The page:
It looks like the inevitable will happen – the UK government will impose restrictions on freedom of movement for Romanians and Bulgarians once those countries join the EU in 2007 – news from The Guardian here. There’s much smoke and little fire in this debate, and it really infuriates me.
The starting point in the press is that Romanian and Bulgarian citizens should not be allowed to work in the UK because so many Poles, Lithuanians etc. have already arrived here, and that unemployment has edged up recently. That’s the wrong place to start from.
Instead, think about the EU as a whole, and specifically the 15 member states in the EU prior to enlargement. The major reason why so many people from the new Member States have come to the UK (and Ireland and Sweden) is because the rest of the EU has not opened its labour markets. If France and Italy were willing to open up, there would be little or no pressure on the UK – cultural and linguistic links, especially for Romania, would mean more people would choose to go there. I’ve been proud of the UK position – we have been good Europeans for once with regard to the new Member States.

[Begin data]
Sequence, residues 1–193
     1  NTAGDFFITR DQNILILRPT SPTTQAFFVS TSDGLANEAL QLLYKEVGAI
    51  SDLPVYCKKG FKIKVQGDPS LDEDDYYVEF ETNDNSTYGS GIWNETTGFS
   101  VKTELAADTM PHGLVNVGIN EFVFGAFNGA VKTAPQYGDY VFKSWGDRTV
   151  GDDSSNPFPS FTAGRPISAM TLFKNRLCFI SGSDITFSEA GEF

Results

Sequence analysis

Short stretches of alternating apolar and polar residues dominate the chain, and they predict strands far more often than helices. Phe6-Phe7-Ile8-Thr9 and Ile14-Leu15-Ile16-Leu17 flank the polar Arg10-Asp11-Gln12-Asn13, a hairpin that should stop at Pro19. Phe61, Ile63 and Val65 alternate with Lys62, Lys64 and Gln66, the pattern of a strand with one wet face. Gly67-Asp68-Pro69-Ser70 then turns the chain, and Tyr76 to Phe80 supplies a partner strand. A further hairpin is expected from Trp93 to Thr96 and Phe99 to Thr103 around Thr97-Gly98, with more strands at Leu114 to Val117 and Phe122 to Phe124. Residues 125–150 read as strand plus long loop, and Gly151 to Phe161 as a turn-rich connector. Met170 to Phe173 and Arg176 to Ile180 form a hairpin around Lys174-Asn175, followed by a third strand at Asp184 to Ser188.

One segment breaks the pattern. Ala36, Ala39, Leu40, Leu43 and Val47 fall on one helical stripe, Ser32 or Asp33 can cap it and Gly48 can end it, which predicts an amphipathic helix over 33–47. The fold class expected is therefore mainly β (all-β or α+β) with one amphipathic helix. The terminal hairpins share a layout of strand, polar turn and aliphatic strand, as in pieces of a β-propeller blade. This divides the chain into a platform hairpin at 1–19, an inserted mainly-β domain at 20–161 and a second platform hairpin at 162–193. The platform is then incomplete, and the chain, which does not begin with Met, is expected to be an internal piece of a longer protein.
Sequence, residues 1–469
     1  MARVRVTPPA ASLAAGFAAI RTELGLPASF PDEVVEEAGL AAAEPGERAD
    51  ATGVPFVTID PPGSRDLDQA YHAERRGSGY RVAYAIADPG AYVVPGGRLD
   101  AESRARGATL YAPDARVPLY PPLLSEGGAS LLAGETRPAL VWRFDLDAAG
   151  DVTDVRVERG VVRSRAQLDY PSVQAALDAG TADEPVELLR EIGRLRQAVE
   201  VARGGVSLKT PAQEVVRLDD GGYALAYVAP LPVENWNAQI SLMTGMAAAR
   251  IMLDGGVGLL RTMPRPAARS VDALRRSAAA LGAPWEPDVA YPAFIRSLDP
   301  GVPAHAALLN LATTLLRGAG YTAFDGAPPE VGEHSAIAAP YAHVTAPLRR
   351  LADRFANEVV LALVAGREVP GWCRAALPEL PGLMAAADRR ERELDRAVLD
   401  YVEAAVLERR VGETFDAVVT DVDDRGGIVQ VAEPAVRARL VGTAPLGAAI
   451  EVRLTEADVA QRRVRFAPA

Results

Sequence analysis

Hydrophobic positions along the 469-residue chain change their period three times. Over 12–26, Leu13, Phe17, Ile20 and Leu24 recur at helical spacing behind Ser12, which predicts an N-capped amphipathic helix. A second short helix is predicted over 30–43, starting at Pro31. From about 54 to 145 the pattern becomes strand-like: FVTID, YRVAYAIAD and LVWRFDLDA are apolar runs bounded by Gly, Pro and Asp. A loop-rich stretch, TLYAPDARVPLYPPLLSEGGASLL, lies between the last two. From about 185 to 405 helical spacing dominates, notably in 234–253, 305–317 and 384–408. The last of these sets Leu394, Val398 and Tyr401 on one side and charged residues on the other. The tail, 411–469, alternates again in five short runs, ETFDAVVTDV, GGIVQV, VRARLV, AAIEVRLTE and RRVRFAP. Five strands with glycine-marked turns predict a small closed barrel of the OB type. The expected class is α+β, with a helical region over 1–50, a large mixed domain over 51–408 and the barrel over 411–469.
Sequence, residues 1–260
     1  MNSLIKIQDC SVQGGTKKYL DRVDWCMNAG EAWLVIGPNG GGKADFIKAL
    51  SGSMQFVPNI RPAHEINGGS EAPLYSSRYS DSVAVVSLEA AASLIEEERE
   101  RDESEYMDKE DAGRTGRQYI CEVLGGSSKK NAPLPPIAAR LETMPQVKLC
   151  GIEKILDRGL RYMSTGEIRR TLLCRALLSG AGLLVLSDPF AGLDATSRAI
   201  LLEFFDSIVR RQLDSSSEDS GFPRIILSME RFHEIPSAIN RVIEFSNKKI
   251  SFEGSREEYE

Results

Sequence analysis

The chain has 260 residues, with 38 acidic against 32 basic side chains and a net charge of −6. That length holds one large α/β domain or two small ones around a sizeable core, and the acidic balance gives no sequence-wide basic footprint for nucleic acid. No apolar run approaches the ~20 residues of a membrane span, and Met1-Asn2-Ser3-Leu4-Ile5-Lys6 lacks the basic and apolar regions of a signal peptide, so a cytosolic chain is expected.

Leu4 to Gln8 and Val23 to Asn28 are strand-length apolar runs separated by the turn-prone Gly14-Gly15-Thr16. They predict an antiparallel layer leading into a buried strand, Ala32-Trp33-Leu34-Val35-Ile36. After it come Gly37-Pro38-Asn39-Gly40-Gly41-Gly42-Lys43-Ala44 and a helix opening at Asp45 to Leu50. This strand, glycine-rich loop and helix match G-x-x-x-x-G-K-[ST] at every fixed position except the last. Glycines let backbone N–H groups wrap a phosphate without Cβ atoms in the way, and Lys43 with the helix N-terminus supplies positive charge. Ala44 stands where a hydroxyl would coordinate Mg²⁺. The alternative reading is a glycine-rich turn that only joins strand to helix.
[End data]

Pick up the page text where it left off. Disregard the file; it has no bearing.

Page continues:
The UK is now paying for its previous honesty – it has allowed citizens of the new Member States to come and work legally. There are stats on the numbers that have come in. Whereas in the rest of Europe, there are plenty of people from the new Member States, but mostly working on the black – a problem that politicians can sweep under the carpet.
So, the next time you hear some government minister whining about potential hordes of Romanians and Bulgarians, think of what the reaction should be: to work for a collective European approach to all of this, for an easing of restrictions for all new Member States, in all of the old 15 Member States. I wish the government would work towards that goal, and state this publicly, rather than pandering to fears of middle England.